I let go of the dictionary work. While it was a good job, I wasn’t meant to be a lexicographer. I throttled back on the ethics board work. It was time for that directive: “Be alone with yourself . . . Achieve inner silence.” In my case that came partly from renewing my dormant practice of meditation and prayer, as well as just, being alone. You can’t run from yourself. To be a writer, if you’re going to have anything worth saying, you must learn your own truth. And it’s only in the quiet moments that the voice within can be heard.

For the first time, I stepped back from my work and took a look at the big picture. I listened to Mr. Shulevitz and sorted out the voices without and within, I looked to see what themes kept repeating themselves in me and my work. That’s when things started to come clear.

I love nature. I loved being 10 and climbing trees and fences and running free in the neighborhood – that time of childhood where you are most capable, where adventure and innocence are at their crest, before the trials and tribulations of adolescence set in. I love castles, the Revolutionary War, diners and the sixties and the blue collar, ethnic world I grew up in. And mythology.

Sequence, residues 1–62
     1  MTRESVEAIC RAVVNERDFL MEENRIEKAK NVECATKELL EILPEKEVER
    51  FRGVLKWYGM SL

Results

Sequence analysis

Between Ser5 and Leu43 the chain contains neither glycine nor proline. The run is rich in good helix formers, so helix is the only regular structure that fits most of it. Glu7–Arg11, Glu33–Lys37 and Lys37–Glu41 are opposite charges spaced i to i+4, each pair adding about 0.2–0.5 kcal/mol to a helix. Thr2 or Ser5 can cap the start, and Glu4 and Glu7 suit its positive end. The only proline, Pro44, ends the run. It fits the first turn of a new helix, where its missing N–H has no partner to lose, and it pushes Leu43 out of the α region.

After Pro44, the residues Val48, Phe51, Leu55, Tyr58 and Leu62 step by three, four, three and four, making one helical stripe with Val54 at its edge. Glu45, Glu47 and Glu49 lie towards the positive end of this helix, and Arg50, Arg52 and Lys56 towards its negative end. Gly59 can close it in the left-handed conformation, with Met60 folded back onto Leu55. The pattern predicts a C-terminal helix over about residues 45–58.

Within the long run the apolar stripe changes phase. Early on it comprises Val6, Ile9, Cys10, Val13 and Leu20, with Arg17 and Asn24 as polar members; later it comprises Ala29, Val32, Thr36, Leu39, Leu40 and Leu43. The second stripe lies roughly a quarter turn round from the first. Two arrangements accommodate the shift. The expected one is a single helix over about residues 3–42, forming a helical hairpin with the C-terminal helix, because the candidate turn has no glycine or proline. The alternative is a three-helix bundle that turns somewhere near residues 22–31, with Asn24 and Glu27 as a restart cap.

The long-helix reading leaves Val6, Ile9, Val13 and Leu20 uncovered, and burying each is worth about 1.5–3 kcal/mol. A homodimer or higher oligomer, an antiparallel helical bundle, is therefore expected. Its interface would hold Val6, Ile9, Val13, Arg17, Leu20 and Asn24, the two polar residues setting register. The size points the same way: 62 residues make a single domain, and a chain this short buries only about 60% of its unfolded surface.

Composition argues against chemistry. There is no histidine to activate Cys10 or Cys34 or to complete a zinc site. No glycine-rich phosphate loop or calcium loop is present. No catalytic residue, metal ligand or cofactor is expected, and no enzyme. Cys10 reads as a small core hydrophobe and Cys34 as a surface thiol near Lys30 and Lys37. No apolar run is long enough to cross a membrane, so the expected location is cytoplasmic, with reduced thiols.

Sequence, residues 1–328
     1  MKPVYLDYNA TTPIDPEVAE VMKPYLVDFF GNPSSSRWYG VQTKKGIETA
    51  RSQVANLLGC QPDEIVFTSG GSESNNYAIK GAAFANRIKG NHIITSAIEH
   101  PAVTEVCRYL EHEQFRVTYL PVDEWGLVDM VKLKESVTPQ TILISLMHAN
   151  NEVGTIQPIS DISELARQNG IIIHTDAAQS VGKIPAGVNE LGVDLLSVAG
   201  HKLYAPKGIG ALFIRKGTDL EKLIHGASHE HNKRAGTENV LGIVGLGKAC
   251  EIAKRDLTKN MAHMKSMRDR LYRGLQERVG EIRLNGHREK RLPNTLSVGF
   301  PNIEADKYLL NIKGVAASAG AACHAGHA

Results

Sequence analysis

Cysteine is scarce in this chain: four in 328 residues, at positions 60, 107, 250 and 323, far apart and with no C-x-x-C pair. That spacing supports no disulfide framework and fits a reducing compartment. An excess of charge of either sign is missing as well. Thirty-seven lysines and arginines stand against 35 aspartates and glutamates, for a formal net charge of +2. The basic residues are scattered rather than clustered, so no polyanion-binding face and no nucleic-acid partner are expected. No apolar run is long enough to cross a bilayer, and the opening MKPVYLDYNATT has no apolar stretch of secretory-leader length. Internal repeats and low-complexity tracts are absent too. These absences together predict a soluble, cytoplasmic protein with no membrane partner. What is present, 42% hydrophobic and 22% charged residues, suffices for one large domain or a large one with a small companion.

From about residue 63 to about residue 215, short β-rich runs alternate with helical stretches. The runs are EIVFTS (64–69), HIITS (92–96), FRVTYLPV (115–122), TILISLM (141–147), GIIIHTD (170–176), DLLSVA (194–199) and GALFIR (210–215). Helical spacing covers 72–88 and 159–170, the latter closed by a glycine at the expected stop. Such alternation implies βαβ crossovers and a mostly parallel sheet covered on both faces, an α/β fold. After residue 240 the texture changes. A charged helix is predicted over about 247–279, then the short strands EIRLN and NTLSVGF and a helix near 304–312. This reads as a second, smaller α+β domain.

I noticed that I collected, and still do, every silly, touching or factual story about nature, animals, and zoos. I kept a nature journal of our backyard bird feeder and the pond area and collected 3 years of information. I identified with creatures either too small or too much in the background to get noticed, and I was that nature-geek, driven to learn about every tiny sea creature that lived under the ocean pier.

I also knew I’d probably never draw comic strips, or write romance novels, science fiction, or true crime. Nothing against any of those genres, by the way. In fact I am fascinated by the genres of comics and romance novels – they are unique worlds and they seem cool and fun. They just aren’t my talent. And no, I will not try to write any more picture books. In truth, my husband has that voice.

I started to define the projects that were me: